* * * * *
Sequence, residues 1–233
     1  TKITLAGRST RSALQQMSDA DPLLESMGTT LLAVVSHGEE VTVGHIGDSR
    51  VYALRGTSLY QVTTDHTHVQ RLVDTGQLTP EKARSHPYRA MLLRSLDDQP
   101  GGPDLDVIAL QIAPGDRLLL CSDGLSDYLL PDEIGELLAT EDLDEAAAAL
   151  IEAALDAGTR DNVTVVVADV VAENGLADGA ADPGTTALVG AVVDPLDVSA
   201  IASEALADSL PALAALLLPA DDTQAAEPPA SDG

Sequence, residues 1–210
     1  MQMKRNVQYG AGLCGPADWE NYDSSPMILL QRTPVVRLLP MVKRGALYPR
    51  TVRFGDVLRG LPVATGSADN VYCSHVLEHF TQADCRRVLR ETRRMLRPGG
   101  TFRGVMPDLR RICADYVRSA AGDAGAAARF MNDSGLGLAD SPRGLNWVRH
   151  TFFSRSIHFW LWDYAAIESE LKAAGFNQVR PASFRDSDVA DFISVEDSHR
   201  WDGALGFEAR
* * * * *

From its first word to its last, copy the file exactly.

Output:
Sequence, residues 1–233
     1  TKITLAGRST RSALQQMSDA DPLLESMGTT LLAVVSHGEE VTVGHIGDSR
    51  VYALRGTSLY QVTTDHTHVQ RLVDTGQLTP EKARSHPYRA MLLRSLDDQP
   101  GGPDLDVIAL QIAPGDRLLL CSDGLSDYLL PDEIGELLAT EDLDEAAAAL
   151  IEAALDAGTR DNVTVVVADV VAENGLADGA ADPGTTALVG AVVDPLDVSA
   201  IASEALADSL PALAALLLPA DDTQAAEPPA SDG

Sequence, residues 1–210
     1  MQMKRNVQYG AGLCGPADWE NYDSSPMILL QRTPVVRLLP MVKRGALYPR
    51  TVRFGDVLRG LPVATGSADN VYCSHVLEHF TQADCRRVLR ETRRMLRPGG
   101  TFRGVMPDLR RICADYVRSA AGDAGAAARF MNDSGLGLAD SPRGLNWVRH
   151  TFFSRSIHFW LWDYAAIESE LKAAGFNQVR PASFRDSDVA DFISVEDSHR
   201  WDGALGFEAR